The Black Garden: Stuck in a loop

English Daily #2
The Black Garden (Alexis Pazoumian, France/Belgium, 2024), Yerevan Premiere, 11-7 17:00 House of Cinema Grand Hall

As a study in how conflicts can constantly recreate themselves, this mournful documentary by Alexis Pazoumian shows a country and people trapped in time. As if looped in the endless grooves at the end of a melancholic vinyl record, The Black Garden carves out the many cycles of violence and anguish that citizens of Artsakh (Nagorno-Karabakh) have endured over the last years. The film fittingly describes itself as an epilogue of sorts, and plays like a forlorn reflection on these years that feel like eons.

Even the awe-inspiring vista’s of Yerevan, as seen from the spectacular Cascade, turn into a painful mirror when two young survivors of the conflict gaze over the city and long for a place they can’t return to. This heart-rending loss is enhanced by an impressive score that finds the exact kind of pathos to transform this film into more than just a recording of grief. Based in Paris, but of Armenian descent, Pazoumian’s outsider perspective and keen eye give the film an important extra layer. The Black Garden is also a reflection of what is sadly a byproduct of a nation living with the daily realities of war: children learning to wield weapons, singing and dancing to patriotic war songs. The enemy is a constant presence for them and takes away the possibility to think of other stories, dream other dreams, or envision other worlds. The only thing they still have is their black garden, even though they can’t physically inhabit it anymore.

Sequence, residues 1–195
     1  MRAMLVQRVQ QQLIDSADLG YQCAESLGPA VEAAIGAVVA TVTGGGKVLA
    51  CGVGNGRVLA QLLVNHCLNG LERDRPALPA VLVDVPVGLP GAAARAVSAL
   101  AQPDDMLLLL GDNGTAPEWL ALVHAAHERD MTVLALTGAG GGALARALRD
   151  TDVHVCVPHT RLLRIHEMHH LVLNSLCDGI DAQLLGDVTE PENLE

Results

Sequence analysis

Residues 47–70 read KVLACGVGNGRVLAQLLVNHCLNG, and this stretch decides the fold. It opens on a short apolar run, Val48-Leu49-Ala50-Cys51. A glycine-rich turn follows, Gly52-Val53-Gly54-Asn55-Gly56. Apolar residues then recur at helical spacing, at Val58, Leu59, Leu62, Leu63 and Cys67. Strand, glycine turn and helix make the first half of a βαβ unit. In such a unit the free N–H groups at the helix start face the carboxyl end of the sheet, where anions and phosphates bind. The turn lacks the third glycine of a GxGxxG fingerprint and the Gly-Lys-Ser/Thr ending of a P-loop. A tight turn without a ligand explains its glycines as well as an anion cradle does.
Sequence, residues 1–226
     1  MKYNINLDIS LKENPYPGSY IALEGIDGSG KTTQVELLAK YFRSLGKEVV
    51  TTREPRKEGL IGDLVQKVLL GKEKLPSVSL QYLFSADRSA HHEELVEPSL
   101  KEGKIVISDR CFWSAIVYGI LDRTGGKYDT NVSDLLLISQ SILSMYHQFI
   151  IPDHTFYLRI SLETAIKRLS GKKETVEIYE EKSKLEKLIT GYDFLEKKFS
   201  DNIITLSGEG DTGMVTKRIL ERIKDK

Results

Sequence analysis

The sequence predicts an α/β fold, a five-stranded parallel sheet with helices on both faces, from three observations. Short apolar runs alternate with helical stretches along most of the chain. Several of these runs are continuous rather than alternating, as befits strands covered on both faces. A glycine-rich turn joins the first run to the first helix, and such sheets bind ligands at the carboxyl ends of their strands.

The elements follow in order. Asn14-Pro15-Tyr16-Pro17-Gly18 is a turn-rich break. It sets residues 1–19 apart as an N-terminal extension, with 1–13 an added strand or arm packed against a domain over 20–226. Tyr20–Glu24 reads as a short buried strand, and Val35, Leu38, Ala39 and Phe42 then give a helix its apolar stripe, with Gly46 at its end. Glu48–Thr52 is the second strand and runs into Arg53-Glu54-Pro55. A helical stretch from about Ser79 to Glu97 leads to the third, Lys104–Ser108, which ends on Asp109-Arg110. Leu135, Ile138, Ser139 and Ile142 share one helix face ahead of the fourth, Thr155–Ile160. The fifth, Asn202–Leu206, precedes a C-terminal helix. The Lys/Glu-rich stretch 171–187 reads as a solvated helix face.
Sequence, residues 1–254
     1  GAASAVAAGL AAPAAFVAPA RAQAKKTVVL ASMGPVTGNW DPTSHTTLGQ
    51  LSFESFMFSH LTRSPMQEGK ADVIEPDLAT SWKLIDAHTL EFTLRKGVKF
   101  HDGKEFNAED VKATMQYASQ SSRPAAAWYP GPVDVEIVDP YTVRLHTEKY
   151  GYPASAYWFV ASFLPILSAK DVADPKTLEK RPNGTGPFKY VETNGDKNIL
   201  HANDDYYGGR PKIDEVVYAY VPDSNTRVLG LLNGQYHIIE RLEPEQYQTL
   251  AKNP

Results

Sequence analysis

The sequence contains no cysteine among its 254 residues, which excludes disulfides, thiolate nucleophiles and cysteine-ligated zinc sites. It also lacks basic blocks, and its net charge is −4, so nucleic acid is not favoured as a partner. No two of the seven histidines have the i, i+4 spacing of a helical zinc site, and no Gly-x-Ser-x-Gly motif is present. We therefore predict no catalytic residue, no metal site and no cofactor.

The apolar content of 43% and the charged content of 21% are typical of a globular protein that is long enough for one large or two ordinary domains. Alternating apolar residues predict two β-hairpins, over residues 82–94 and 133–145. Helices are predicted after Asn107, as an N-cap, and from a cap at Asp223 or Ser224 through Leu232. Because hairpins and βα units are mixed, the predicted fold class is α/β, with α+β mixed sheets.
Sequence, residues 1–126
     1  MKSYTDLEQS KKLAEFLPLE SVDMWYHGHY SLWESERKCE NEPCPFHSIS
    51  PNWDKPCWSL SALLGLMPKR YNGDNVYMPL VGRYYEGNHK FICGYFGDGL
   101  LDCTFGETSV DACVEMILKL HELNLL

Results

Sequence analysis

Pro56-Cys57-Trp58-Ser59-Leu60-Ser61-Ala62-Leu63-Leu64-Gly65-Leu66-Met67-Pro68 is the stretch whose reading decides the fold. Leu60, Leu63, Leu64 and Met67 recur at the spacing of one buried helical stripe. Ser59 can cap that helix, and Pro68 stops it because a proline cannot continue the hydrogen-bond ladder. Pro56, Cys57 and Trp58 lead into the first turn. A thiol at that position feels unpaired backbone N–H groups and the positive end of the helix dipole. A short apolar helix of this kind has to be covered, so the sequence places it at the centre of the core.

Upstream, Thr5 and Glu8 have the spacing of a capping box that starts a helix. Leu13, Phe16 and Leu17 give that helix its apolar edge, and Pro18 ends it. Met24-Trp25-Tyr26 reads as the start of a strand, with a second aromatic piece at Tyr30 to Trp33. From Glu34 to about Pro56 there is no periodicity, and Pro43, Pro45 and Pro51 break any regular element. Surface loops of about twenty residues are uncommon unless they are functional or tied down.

Hugo Emmerzael